Noah Syndergaard vs. Stephen Strasburg has all the makings of a marquee pitching matchup. And they're the highlight of Saturday's slate of games, facing off at 1:05 p.m. ET when the Nationals host the Mets at Nationals Park.
But it's not Opening Day. It's Game 2. The real marquee matchup came on Thursday, when Jacob deGrom outdueled Max Scherzer in the season opener. Syndergaard and Strasburg have the stuff to be true aces. But they're "almost" aces -- the clear-cut No. 2 in their rotations.
A lot of it is health, obviously. Syndergaard and Strasburg have each dealt with multiple major injuries through their careers. And yes, deGrom and Scherzer are two of the best No. 1 starters in baseball. But Syndergaard and Strasburg have the ability to climb to those heights.
Take their Fielding-Independent Pitching, for example -- a parallel stat to ERA that considers only strikeouts, walks and home runs allowed, to emphasize the most skill-dependent elements of pitching and eliminate the vagaries of team defense and less-controllable outcomes of balls within the field of play. Since Syndergaard's debut in 2015, he and Strasburg rank among the game's leaders in FIP.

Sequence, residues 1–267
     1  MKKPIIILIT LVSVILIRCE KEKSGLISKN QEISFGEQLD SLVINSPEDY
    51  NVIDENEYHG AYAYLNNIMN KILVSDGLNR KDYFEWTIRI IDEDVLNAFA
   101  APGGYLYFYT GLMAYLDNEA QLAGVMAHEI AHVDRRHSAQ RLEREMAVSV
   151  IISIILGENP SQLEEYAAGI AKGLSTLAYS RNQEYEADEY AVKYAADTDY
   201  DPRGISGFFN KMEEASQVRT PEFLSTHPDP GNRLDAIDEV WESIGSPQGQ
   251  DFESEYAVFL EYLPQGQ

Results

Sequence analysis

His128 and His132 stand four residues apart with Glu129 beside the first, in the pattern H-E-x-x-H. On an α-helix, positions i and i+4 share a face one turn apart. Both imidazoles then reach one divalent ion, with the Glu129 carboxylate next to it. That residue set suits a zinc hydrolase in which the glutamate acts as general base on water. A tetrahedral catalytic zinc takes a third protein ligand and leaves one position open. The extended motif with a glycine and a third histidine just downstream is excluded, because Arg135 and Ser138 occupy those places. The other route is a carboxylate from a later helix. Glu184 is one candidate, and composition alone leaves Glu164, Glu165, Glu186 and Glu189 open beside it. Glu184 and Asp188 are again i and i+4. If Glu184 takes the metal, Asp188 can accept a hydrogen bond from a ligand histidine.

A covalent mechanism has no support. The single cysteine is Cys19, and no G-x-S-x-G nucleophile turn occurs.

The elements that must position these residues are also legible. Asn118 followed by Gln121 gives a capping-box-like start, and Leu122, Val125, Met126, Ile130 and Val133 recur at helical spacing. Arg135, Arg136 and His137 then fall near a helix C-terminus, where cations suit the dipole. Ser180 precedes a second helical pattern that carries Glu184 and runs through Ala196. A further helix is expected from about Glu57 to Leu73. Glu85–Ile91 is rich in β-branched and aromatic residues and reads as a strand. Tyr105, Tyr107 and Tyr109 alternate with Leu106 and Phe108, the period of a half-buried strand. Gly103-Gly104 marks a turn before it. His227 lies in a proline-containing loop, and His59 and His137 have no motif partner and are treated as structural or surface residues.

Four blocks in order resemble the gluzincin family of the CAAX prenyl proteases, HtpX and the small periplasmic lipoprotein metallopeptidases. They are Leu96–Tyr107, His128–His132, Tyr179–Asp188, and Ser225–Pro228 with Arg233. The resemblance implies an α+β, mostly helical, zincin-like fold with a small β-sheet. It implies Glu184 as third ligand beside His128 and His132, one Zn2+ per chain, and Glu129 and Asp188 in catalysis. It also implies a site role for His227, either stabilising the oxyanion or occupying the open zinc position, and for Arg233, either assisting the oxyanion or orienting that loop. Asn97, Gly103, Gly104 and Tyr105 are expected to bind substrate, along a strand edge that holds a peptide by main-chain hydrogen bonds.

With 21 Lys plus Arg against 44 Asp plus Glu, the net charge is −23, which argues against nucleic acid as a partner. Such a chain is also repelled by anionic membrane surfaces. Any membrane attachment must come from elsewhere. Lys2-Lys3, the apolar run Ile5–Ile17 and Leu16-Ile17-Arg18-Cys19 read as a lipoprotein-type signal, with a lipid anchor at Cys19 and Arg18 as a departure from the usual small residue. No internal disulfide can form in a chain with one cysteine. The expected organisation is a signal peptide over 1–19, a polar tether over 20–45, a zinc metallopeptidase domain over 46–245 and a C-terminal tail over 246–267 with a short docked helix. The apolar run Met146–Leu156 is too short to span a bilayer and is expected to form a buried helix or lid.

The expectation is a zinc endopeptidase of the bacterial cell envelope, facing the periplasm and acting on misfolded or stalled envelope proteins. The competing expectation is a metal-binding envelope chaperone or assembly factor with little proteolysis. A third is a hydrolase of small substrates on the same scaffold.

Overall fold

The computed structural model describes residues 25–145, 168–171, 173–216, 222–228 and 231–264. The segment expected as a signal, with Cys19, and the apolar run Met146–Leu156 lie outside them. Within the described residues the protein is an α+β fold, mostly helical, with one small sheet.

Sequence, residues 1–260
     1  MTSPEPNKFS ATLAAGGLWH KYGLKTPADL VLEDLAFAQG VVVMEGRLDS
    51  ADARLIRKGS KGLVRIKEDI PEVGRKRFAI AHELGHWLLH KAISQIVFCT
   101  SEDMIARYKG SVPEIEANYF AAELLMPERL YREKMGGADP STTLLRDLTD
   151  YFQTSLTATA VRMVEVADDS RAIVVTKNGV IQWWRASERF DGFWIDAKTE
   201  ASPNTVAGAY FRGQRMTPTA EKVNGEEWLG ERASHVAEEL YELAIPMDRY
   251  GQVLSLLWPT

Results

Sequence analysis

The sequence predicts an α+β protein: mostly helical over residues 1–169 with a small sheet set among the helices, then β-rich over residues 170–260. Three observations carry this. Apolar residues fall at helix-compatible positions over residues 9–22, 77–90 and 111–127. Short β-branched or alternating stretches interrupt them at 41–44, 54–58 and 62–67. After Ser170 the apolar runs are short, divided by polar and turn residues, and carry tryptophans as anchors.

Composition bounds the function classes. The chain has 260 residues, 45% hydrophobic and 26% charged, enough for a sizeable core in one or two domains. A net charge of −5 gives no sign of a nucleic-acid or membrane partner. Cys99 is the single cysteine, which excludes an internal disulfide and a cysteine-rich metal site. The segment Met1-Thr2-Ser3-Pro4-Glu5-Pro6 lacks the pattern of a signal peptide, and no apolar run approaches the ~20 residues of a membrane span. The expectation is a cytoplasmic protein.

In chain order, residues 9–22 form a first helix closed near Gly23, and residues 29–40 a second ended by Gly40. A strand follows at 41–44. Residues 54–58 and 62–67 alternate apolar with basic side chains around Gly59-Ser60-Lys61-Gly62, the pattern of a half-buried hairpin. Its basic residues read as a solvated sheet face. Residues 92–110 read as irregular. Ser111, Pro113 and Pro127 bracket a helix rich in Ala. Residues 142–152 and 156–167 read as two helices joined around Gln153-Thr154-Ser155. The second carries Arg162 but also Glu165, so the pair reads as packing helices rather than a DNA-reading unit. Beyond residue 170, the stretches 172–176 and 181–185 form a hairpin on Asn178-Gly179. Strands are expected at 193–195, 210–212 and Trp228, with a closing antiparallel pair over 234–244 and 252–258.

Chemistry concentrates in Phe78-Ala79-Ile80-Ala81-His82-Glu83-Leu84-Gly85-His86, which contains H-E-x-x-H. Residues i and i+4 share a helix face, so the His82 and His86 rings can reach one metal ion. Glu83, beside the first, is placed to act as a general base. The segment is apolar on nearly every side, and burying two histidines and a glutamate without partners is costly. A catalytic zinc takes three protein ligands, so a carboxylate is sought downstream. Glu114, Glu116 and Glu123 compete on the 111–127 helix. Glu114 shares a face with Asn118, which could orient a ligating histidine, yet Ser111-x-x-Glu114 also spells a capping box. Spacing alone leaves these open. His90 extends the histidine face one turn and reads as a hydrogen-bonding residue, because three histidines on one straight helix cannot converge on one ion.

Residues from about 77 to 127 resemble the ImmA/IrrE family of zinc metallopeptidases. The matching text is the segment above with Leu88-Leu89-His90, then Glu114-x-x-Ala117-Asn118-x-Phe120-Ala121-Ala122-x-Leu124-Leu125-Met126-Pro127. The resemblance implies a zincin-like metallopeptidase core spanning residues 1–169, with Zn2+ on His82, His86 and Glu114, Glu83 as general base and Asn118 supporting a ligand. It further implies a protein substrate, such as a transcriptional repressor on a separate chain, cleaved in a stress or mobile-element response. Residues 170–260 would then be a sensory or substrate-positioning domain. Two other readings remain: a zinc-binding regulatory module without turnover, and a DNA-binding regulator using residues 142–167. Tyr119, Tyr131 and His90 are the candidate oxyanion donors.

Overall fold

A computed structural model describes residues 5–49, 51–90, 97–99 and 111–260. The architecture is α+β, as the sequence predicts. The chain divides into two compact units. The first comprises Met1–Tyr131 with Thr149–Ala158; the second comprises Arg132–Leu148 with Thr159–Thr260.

Lowest FIP 2015-18, min. 300 IP
1) Clayton Kershaw: 2.48
2) Syndergaard: 2.66
3) Chris Sale: 2.71
4) deGrom: 2.83
5) Scherzer: 2.89
6) Corey Kluber: 2.97
7) Strasburg: 2.99
8) James Paxton: 3.10
9) Carlos Carrasco: 3.12
10) Gerrit Cole: 3.17
So what's held them back from that Cy Young level of consistent dominance? What do deGrom and Scherzer have that Syndergaard and Strasburg are missing? Let's take a look.
Syndergaard: Mastery of his fastball